György Kurtág György Kurtág, a living composer now in his early nineties, is widely regarded as one of the most important avant-garde composers coming into prominence in the second half of the 20th century. Kurtág was born of Hungarian parents but grew up in a part of the former Austro-Hungarian Empire that became part of Romania in 1918. Speaking Hungarian at home and Romanian at school, he moved to Budapest in 1946 to study music at the Franz Liszt Academy and soon became a Hungarian citizen. Kurtág graduated with degrees in piano, chamber music and composition and established his initial reputation as a pianist. Despite the disastrous uprising of 1956 and a brief yearlong sojourn in Paris in 1957/8, Kurtág chose to remain in Hungary and has been cited as the only composer to live through the communist regime (lasting until 1989) and achieve an international recognition.

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Schubert, Quartettsatz

February 24, 2018

Franz Schubert (1797-1828)

String Quartet No. 12, “Quartettsatz”, D. 703 (1820)

Franz Schubert Franz Schubert wrote at least 17 works for string quartet, the bulk of which he composed for the practical purpose of playing chamber music at home with his family. These earlier works, designed for his father, brothers and himself, are skillful, winning and, due to the technical limitations of his family members, suitable for amateur players. This all changed with the so-called “Quartettsatz” (a posthumously applied title meaning “quartet movement”) of 1820 written when Schubert was in his early 20s.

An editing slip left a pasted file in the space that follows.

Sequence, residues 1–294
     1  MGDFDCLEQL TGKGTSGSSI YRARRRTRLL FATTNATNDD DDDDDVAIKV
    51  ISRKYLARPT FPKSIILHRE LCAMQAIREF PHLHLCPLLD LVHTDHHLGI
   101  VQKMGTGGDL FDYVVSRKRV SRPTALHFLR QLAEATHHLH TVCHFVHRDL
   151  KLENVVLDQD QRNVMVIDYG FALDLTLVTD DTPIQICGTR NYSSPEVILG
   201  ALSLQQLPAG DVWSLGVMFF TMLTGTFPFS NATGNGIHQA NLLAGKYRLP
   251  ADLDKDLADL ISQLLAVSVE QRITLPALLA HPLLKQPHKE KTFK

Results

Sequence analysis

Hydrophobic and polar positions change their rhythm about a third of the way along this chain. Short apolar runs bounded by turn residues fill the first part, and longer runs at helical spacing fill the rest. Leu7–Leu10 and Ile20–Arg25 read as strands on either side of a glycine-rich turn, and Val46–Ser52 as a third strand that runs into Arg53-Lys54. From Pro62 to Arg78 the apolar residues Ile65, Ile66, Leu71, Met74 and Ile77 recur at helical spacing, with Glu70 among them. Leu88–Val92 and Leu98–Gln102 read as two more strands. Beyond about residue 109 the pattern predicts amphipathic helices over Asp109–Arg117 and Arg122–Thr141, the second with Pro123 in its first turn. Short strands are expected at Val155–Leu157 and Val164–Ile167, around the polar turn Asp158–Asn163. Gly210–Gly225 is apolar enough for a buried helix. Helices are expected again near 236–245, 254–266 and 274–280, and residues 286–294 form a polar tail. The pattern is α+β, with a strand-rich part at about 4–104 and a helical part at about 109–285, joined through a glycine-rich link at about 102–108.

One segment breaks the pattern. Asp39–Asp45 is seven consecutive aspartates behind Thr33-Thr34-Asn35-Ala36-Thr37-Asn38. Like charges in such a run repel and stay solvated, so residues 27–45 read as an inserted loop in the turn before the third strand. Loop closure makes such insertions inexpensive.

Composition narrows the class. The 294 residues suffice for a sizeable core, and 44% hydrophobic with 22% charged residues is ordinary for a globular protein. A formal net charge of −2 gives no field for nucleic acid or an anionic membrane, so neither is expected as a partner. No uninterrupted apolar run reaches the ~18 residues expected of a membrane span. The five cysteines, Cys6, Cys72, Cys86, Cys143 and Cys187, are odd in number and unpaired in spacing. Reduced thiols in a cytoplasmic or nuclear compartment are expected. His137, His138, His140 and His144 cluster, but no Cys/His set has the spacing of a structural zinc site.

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Webern, Fünf Sätze for String Quartet, Op. 5

February 19, 2018

Anton Webern (1883-1945)

Fünf Sätze (Five Movements) for String Quartet, Op. 5 (1909)

Anton Webern 100 years after Beethoven’s “Harp” quartet, as the hallowed history of the string quartet reached its 150 year anniversary, the few years of 1908-1909 witnessed the beginnings of a tectonic shift in the genre and, indeed, classical music in general. Arnold Schoenberg, the founding father of the radical Second Viennese School, completed his infamous second string quartet in 1908 and self-published it the following year. The first bold innovation was adding a human soprano to sing song texts in the third and fourth movements. The second more radical departure was Schoenberg’s abandonment of tonality in the finale, the first important instance of atonal music for string quartet. Significantly, the text from a poem by Stefan George begins “I feel the air of a new planet.” The premiere caused a scandal.